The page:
For me, it was desperately sad to see Sunil Gavaskar go so early. In this tournament, India’s greatest batsman averaged in single figures. He is frail outside the stump. However, in limited circumstances, there is pressure on every batsman not to play the leave-alone stroke.
Mature bunch: Some idea of India’s maturity in this company after an epic run through the preliminary rounds came from the second wicket stand of 54. No longer does the loss of one player lead to a collapse. It is obvious that the Indian players ‘have been so sharpened by their incessant battering by West Indian pace on the Caribbean tour that anything looks friendly on the slower, less bouncy English wickets. Mohinder Amarnath, for instance, fears nothing.
His has been a remarkable recovery, and his two awards as Man of the Match are an everlasting memory of that. Let’s hope the burglars leave him alone. Nonetheless, the wickets that were lost before lunch, particularly Yashpal Sharma’s, looked to have wrecked India. Yashpal Sharma was no doubt obeying dressing room orders and lashing at Gomes no matter how close he was to lunch, but he was pushing his luck to try and belt him over cover with a man on the boundary.
World Cup 1983 - Sunil Gavaskar never came to terms with the West Indies Quicks.
World Cup 1983 – Sunil Gavaskar never came to terms with the West Indies Quicks.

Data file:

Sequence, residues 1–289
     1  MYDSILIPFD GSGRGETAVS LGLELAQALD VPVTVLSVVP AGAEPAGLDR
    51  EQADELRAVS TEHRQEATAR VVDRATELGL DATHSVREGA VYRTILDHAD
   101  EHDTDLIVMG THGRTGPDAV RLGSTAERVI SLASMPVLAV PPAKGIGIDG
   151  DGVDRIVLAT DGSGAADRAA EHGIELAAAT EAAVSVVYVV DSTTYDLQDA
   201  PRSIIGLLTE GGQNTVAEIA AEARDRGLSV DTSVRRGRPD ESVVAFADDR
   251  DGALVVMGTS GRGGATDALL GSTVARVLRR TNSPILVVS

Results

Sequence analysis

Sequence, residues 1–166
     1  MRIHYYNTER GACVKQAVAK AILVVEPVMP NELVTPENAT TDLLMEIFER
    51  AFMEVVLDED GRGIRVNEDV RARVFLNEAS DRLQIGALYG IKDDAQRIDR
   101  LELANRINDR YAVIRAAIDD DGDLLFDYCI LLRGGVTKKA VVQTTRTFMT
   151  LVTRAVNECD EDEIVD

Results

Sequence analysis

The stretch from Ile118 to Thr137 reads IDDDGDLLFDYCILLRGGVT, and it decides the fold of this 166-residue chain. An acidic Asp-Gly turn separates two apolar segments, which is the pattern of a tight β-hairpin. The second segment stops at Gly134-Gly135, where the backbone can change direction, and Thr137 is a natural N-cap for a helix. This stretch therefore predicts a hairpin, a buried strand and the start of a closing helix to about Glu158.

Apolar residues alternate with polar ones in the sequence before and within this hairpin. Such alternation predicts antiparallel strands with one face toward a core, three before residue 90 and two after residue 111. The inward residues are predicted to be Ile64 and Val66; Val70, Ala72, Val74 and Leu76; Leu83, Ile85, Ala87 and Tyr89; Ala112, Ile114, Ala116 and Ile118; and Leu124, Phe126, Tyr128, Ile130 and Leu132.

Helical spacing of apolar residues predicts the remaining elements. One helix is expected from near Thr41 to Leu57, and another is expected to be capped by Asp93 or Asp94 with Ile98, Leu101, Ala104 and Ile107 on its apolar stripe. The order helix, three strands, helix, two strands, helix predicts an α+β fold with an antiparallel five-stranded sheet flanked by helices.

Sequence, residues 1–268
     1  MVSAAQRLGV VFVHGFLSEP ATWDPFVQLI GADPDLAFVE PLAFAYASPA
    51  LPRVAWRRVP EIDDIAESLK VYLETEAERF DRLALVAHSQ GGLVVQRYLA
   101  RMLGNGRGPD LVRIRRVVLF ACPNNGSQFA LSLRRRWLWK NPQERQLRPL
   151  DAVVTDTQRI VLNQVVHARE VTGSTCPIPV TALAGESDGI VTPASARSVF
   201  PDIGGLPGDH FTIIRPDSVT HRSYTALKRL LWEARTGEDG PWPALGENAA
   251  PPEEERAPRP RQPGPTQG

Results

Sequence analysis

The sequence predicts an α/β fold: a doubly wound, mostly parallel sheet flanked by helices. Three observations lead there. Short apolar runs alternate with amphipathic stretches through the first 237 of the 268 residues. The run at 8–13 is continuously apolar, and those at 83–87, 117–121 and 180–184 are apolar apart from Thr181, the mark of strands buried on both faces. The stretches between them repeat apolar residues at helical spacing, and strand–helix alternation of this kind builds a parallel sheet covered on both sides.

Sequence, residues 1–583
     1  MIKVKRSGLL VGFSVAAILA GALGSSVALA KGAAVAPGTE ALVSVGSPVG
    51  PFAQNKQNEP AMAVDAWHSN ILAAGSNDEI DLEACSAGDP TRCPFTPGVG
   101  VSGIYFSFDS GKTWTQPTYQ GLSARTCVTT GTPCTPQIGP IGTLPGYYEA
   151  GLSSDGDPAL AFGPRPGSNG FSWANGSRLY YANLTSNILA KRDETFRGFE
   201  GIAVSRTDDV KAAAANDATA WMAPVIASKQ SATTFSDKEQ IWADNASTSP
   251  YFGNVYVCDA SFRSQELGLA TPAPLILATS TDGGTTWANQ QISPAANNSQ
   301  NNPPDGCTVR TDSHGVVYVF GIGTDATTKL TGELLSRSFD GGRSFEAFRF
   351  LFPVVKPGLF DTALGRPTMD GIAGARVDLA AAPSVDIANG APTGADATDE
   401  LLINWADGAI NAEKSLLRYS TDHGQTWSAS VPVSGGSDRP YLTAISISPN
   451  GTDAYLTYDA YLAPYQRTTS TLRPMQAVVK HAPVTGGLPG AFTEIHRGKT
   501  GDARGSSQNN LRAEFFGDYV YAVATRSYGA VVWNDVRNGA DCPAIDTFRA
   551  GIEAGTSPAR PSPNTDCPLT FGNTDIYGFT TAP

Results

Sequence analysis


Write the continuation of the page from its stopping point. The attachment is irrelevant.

Similarly, Englishmen thought they were watching Ian Botham and not Kapil Dev when the Indian skipper lashed Gomes over square leg and then holed out altogether too soon on the straight boundary. This was not the pitch at fault, but the rush of blood in Kapil’s handsome head; Once he was gone, my bet of 225 looked very sick indeed.
Vital break: It remains my conviction that if Gordon Greenidge had not shouldered arms to a late in-swinger from Sandhu, the West Indies would have won easily. What possesses a player with Greenside’s experience and one in such form that he can Blast 162 in a 40-over match to leave a ball like that?
Knowing how foolish it looks, there is every incentive for great batsmen not to make this mistake and yet most of them do at some stage of their careers. Perhaps Greenidge expected the ball to swing out. Even so, Haynes and Richards took runs as they pleased, pushing the ball here and there as if in total control.